A-List popstars are drafted in to push Kelsea to a mainstream audience. Julia Michaels brings her magic touch to needy, Ed Sheeran to love and hate, and Halsey’s voice to the other girl. That last track was co-written with Sam Hunt’s regular collaborator Shane McAnally: the chorus – ‘is it me? Is it you?…Who’s the diamond, who’s the pearl?’ – would fit on pop radio, even though it is being marketed to country radio as an update on The Boy Is Mine by Brandy and Monica. Halsey will be yet another pop star taking the sort of space on the airwaves that a dues-paying gal like Kelsea, or the likes of Mickey Guyton and Kassi Ashton, should be given. But radio stations are businesses too.

overshare opens the album, a song written with Tayla Parx, who has High Hopes, Thank U Next and Love Lies on her CV. The words trip off Kelsea’s tongue, the melody is bouncy and it’s as fluffy as Kelsea’s early singles like Dibs and Yeah Boy. Equally sweet is club, which rhymes ‘tequila’ and ‘feelings’ in its first couplet before breaking into a pop chorus that sounds a lot like a Taylor Swift chorus. Also recalling Swift is la, a solo write by Kelsea about Los Angeles which closes the album: ‘I park my heart at the valet’ is a great line, and she doubts she is ‘cool enough’ to hang out ‘with bigger names’ at parties out in California. Can the girl from Knoxville commit to Hollywood, as I am sure her record label are dying for her to?

Sam Hunt’s debut Montevallo saw Drake make his influence known on country music. The Atlanta-born songwriter who gave Come Over to Kenny Chesney, Cop Car to Keith Urban and I Met A Girl to William Michael Morgan hit big with singles from Montevallo. I preferred Make You Miss Me, written with Old Dominion, and House Party to the massive number one Take Your Time, and I wasn’t initially sold on Drinking Too Much or Sinning With You, two of the more melancholic tracks that were released in advance of Southside, an album five years in the making.

I did, however, love the four ‘tempo’ tracks. Downtown’s Dead was bouncy, Kinfolks was infectious, Body Like A Back Road was smart and worthy of its high placing on the all-genre Hot 100. Hard To Forget was innovative in its sample of There Stands The Glass. It also boasts a great title and chorus: ‘You’re playing hard to forget’ is such a great line, as is the ‘outta sight outta mind/ Girl you’re looking so good it’s driving me out of mine’. Luke Laird’s loop is the key factor here.

My favourite new track from the album was Breaking Up Was Easy In The Nineties, a smart lyric set to a chirpy acoustic guitar about how in 2020 it’s tough to fully escape someone popping up in one’s timeline with a new guy. Once the listener negotiates the spoken-sung verse, the chorus is singable, much as Take Your Time had been, back in the early months of 2015. The album opens with the sombre 2016, where Sam wants to ‘put the smoke back in the joint’ and ‘take 2016 and give it back to you’ over acoustic guitar and no percussion.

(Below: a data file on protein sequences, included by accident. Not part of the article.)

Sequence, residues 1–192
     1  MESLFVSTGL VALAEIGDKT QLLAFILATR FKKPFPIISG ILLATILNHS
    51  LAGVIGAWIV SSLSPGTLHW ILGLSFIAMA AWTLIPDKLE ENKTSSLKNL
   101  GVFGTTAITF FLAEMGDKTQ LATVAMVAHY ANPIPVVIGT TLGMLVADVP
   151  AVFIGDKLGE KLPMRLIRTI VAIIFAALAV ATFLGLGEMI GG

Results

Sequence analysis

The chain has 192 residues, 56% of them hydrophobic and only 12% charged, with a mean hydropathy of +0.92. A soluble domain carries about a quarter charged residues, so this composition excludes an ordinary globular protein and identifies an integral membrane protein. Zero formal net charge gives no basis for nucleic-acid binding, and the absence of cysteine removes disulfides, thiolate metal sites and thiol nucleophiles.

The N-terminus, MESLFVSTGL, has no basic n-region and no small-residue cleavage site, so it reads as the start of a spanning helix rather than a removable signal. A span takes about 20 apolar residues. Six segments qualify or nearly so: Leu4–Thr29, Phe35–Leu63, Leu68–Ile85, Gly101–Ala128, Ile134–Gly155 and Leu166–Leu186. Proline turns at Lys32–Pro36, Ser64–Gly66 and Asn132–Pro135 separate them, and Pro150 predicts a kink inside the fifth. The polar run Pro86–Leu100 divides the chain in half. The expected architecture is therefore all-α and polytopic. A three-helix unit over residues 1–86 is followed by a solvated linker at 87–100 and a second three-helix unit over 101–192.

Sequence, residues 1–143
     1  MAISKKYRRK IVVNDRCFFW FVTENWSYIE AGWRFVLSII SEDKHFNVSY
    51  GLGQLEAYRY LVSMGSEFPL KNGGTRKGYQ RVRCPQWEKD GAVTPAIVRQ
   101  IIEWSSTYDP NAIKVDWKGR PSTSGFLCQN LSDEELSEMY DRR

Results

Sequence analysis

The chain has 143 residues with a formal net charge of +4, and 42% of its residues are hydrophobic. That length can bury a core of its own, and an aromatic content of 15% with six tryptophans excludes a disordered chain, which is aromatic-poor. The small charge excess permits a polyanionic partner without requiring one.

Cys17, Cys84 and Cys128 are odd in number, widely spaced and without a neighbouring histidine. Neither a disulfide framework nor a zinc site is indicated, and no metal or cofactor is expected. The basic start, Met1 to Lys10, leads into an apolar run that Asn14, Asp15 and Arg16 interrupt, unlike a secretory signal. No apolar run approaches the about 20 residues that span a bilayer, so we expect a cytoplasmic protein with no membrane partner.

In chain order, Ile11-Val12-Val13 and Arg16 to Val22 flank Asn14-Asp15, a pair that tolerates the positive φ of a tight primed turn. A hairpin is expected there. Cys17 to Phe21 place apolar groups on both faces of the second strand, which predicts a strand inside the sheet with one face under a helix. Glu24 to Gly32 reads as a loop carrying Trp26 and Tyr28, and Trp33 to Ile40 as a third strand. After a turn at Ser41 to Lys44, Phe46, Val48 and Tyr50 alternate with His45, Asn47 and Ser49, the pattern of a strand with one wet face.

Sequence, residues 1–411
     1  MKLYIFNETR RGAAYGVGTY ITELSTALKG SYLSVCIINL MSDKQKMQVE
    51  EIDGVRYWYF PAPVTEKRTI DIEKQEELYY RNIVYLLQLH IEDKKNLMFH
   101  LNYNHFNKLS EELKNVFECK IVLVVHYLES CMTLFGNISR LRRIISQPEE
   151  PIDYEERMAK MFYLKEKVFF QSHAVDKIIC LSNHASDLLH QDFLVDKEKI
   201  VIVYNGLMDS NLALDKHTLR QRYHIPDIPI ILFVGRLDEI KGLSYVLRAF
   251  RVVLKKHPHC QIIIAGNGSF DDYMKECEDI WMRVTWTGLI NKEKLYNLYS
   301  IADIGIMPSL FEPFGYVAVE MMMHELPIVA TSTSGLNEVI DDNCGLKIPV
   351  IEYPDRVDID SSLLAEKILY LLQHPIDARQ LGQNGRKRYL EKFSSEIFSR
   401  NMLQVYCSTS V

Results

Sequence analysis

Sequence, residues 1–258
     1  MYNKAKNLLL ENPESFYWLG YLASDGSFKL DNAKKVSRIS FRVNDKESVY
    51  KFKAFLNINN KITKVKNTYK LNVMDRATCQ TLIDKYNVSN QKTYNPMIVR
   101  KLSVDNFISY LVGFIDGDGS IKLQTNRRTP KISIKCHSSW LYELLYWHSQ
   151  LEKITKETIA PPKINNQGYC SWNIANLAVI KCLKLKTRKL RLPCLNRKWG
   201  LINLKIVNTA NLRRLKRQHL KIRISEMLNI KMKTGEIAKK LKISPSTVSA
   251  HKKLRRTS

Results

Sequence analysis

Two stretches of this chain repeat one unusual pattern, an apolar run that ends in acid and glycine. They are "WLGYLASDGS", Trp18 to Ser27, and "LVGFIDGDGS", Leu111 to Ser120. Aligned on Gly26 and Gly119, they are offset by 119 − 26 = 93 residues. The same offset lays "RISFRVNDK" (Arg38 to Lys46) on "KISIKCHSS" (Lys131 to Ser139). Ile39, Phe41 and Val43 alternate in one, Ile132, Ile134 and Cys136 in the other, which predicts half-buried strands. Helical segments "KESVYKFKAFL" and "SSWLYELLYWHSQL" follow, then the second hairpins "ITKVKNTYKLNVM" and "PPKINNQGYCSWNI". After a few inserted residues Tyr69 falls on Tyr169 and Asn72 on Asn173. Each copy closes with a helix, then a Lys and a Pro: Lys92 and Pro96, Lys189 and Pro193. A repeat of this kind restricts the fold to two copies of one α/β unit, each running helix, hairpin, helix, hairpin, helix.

Saving Country Music’s Trigger will never be a Sam Hunt fan, but even he concedes that album opener 2016 is the right sort of song for Sam to be singing. Trigger gave Southside ‘two guns down’, lambasting Sam for the homogenous nature of country music in the last five years. The market was going to turn towards bringing in contemporary sounds to country music anyway – while also appealing to those who like fiddle and pedal steel – and it’s unfortunate that Sam is in the firing line as the most handsome, melodically gifted songwriter of the decade.

Sam’s audience is young and would have no problems putting any of the tracks on Southside alongside Post Malone, Kane Brown and Cardi B in a personal Spotify playlist. Young Once, for example, with its dense production and trademark lyrical delivery; Sam bangs on about getting drunk, ‘stupid’ and ‘lost tonight’ through ‘wheat fields’. He smuggles the line ‘some day we’re gonna know too much to know it all’, which seems profound but is claptrap!!

On That Ain’t Beautiful Sam addresses the sort of girl who is mistreated by a guy and cakes her face in makeup, telling her ‘you can do better’ than attending destination weddings in a bad mood. It’s filler. Let It Down is far better, with interesting chords, steel guitar parts and an addictive rhythm. The album is not a masterpiece and suffers from having half of its tracks already in the public domain. Crowds will go nuts for the tempo tracks, while Sam includes enough new versions of Take Your Time to strengthen his USP.

Whether he wants to keep performing, and to take the hits from fans of traditional music while being ‘too country’ for pop, is something to monitor during this album cycle, which has been disrupted by Coronavirus.